Stop Seeing Tribal Region As Half-Sibling
It is time we let go of seeing our citizens as ‘collateral damage’. It is time we see them as people who have only ever lived in a state of emergency, awaiting the ‘Subh-e-Azadi’ that has only become a wistful wish, writes Noor Ejaz.
“I thought I could wake up this sleeping country with my cries, but still they sleep as if in a dream”, The Shadow of the Crescent Moon, Fatima Bhutto
Throughout history, colonial powers have often suspended the operation of due process to suppress independence movements. Today, postcolonial states have retained these measures to suppress political dissent through militarism.
Emergency laws have often been used as a replacement to fill voids left by an absence of civilian authority, often on the touchstone of state necessity. The State, including the judiciary and legislature, decides what constitutes normalcy i.e. the rule of law, and what determines a state of emergency.
Somehow, since Pakistan’s very inception, one particular region has been at the brunt of a constant state of emergency: the erstwhile Federally Administered Tribal Areas (FATA). A state of emergency was blanketed over the FATA region with the enactment of a direct colonial import: The Frontier Crimes Regulations in 1901. These regulations were outdated measures aiming to ensure ‘governance’ in the FATA region.
Much has been said about the adverse impacts of FCR over the people of FATA. However, the state in all its formulations has agreed that certain ‘special’ measures are needed to eradicate ‘counter-terrorism’ or ‘anti-state’ activity in the region for the purposes of good governance.
Thus enacted was the Actions (in Aid of Civil Powers) Regulations, 2011. These Regulations extended exclusively to the FATA and PATA regions and were given retrospective effect from 2008, on the pretext that a grave security threat existed in Pakistan. Therefore, the law necessitated the spread of human rights violations with impunity throughout the region. Citizens who had been detained in 2008 were now covered within the remit of the law, with a constitutional net safely covering any responsibility.
Not one institution can be said to be violating the constitutional rights of erstwhile FATA’s people. It is a mesh of executive, legislative, judicial and military actions that has pushed this side of Pakistan to the margins. Good governance for FATA has always been detentions, disappearances and abductions as may be necessary to return to the ‘rule of law’ from this state of emergency. We may perhaps never know what necessitated or continues to necessitate the emergency declared by these laws. These are supposedly counter-terrorism laws enacted on the pretext that FATA posed a threat that needed to be curtailed somehow.
Maybe this is why the 25th Constitutional Amendment was quick to be lauded by liberals as a victory for FATA. The Amendment sought to merge the region with the province of Khyber Pakhtunkhwa and it was believed that people of the region would be liberated. They would stand free from draconian laws, arbitrary counter-terrorism policies and ‘good governance’ mandates that had haunted them since colonial times.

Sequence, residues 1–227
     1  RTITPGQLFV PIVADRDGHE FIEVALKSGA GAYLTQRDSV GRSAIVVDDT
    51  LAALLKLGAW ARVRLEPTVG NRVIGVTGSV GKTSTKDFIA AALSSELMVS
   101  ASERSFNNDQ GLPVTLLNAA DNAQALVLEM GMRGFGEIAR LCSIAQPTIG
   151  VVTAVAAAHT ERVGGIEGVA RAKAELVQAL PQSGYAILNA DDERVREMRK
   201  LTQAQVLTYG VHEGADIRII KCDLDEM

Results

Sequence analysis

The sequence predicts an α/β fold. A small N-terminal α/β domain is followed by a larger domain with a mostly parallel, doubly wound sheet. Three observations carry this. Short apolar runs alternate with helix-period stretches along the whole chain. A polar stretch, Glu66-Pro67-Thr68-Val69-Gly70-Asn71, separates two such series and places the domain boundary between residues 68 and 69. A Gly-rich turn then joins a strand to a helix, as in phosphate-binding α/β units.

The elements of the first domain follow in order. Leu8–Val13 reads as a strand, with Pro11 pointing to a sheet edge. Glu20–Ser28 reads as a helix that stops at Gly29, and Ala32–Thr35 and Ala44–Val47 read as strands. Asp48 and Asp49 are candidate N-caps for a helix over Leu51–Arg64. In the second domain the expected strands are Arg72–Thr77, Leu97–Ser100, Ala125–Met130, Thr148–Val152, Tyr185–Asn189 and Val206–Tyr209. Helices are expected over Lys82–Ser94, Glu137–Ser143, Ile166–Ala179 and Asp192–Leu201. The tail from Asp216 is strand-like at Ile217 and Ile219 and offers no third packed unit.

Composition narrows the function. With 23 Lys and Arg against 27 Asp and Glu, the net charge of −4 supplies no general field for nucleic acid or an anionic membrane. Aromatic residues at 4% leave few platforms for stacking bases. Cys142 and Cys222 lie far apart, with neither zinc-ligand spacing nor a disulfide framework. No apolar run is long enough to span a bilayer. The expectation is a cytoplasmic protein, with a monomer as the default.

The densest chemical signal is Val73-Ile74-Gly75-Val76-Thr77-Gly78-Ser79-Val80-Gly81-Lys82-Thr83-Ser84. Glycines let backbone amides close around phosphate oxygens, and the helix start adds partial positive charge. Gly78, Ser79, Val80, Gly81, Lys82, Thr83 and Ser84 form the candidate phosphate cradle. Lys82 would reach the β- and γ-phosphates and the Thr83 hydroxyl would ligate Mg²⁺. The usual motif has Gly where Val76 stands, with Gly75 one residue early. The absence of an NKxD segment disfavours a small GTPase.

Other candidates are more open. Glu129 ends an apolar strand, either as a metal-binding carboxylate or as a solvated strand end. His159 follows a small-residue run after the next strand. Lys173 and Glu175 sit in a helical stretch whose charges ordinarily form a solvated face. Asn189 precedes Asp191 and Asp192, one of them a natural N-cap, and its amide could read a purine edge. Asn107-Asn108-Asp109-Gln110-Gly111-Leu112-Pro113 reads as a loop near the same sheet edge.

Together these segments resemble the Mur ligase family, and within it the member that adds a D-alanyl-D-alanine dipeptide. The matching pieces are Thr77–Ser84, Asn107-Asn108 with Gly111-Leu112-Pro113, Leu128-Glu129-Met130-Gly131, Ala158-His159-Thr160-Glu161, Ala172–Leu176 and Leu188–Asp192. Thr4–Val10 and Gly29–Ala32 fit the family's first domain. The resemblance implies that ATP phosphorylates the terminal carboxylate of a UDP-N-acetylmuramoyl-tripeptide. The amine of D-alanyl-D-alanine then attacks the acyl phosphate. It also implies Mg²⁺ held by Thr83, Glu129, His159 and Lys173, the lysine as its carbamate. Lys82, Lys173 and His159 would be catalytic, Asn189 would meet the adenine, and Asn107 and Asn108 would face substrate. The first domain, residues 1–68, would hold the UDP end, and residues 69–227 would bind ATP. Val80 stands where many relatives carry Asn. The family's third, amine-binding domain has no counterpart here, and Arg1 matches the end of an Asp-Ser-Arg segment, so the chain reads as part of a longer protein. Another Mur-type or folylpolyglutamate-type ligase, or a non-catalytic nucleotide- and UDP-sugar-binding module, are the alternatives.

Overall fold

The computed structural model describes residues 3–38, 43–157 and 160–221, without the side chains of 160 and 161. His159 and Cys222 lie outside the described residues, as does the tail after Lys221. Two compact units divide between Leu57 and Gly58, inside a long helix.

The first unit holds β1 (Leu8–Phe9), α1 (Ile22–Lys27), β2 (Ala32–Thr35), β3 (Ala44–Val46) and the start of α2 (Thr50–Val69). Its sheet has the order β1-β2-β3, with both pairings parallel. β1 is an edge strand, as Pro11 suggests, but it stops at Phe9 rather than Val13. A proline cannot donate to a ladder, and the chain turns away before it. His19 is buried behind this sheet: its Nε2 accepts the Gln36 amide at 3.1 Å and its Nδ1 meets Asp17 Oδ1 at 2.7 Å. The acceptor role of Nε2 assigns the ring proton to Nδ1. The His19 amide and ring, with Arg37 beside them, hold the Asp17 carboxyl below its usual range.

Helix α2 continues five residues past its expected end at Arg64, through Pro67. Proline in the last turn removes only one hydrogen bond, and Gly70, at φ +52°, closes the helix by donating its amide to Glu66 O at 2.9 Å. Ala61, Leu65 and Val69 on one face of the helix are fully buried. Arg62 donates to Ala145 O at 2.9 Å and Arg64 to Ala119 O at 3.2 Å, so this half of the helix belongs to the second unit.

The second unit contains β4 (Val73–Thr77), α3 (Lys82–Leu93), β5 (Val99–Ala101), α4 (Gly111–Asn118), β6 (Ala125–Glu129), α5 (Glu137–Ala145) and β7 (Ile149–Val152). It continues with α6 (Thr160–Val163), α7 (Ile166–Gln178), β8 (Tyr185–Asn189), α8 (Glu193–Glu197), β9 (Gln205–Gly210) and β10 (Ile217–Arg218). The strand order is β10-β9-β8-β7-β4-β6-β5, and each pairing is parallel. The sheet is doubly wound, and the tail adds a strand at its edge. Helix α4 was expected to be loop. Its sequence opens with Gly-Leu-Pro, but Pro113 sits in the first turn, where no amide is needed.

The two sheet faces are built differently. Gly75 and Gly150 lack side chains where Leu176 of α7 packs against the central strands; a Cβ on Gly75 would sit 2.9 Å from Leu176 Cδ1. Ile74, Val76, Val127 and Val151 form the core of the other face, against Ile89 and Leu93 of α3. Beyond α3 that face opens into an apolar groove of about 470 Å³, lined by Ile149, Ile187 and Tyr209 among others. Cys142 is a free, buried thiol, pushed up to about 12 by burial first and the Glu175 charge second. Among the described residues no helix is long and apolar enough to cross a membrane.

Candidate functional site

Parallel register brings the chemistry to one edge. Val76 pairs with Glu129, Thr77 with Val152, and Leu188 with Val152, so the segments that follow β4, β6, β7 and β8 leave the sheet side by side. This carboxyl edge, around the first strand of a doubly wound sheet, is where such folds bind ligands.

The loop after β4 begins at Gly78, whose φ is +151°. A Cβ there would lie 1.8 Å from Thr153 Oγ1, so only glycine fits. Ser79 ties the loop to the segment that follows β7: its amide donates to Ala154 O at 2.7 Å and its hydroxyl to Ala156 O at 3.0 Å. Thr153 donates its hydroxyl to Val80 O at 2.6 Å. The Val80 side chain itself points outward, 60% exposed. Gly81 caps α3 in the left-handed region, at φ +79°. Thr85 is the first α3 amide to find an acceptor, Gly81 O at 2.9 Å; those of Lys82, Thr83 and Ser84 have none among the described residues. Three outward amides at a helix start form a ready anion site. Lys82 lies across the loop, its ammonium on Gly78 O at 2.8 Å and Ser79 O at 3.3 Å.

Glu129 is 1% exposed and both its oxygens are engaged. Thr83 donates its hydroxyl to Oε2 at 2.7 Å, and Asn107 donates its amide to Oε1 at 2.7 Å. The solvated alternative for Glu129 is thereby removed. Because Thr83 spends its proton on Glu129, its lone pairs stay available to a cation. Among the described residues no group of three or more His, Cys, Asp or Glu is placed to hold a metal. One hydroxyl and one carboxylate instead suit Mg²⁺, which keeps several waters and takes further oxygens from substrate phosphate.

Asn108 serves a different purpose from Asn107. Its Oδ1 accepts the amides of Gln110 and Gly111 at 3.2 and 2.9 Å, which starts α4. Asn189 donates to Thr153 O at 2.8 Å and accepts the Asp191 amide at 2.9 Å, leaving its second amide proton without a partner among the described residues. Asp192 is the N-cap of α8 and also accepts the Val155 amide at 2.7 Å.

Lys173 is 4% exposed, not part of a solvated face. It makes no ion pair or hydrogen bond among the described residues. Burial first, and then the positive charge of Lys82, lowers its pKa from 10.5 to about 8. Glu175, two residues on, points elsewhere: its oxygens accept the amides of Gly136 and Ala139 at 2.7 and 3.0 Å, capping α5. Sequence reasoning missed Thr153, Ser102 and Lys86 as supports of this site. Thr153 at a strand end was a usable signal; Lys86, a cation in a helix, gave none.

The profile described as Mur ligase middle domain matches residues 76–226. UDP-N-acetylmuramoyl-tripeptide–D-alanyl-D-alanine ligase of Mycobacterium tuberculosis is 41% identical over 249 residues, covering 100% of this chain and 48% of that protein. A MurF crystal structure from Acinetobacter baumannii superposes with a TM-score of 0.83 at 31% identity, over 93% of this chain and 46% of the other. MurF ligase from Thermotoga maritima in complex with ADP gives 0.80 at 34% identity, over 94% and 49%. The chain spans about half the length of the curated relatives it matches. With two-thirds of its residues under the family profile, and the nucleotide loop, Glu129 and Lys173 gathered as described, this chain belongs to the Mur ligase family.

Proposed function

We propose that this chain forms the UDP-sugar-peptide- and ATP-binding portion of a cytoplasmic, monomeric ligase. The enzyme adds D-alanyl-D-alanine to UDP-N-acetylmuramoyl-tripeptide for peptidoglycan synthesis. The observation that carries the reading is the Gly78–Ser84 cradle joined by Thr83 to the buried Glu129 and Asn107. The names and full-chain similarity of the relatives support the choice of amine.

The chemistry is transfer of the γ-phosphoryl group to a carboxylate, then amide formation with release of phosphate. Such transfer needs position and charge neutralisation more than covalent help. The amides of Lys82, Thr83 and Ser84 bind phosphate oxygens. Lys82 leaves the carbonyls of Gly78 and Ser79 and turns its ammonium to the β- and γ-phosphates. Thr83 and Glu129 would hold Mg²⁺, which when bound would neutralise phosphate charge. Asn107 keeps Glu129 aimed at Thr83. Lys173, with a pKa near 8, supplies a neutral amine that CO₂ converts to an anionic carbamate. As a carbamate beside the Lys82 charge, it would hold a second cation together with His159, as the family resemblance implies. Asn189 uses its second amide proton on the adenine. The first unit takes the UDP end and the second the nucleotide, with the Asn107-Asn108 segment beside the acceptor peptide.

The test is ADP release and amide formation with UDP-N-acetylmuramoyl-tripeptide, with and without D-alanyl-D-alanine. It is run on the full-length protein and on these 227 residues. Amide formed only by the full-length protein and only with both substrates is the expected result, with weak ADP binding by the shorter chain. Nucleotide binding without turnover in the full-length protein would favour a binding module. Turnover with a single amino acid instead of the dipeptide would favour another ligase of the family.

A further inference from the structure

Evidently, Pakistan and its progressives were grossly mistaken. The oppression of colonial forms of rule shadowed the people of FATA wherever they chose to go within Pakistan’s borders. Therefore, brought into Khyber Pakhtunkhwa along with FATA was the KP Action (in Aid of Civil Powers) Ordinance, 2019.
The draconian ordinance was recently nullified by the Peshawar High Court (PHC), but the Supreme Court has suspended the said order of the PHC.
The new Ordinance reproduced the 2011 Regulations ad verbatim. They re-created internment centres in blatant violation of citizens’ fundamental rights to due process and rights under the Constitution of Pakistan, 1973. Pleasantly, the Ordinance does maintain a façade of liberal human rights discourse. ‘Torture is prohibited’ and ‘human rights must be effectively realised’; these are terms to be broadly thrown. But how many times have they been implemented in unknown internment centres by forces acting beyond their constitutionally held mandates?
Therefore, Pakistan must answer: what is the state of emergency and why is the tribal region always found languishing in its centre?
Ultimately, by limiting these policies to the North for the sake of an emergency; we are not only systematically radicalising violence – we are also purporting the narrative that a particular ethnicity is inherently anti-state. We are associating an identity with violence, as those who necessitate this emergency. Think of the narrative this creates and the resistance it has borne. How many times lives will it take before we stop seeing erstwhile FATA as the half-sibling, invoking emergencies and causing disturbances to the rest of the country?
It is time we let go of seeing our citizens as ‘collateral damage’. It is time we see them as people who have only ever lived in a state of emergency, awaiting the ‘Subh-e-Azadi’ that has only become a wistful wish. It is time that the state of emergency must be defined and transparent- or finally uplifted from the erstwhile FATA region so that its people can also enjoy citizenship rights at par with the rest of Pakistan.
How long before we finally realise that the tribal region’s people are Pakistanis, longing to be seen as such? How long before we see that they are more than the shadows of Pakistan’s crescent as Fatima Bhutto laments?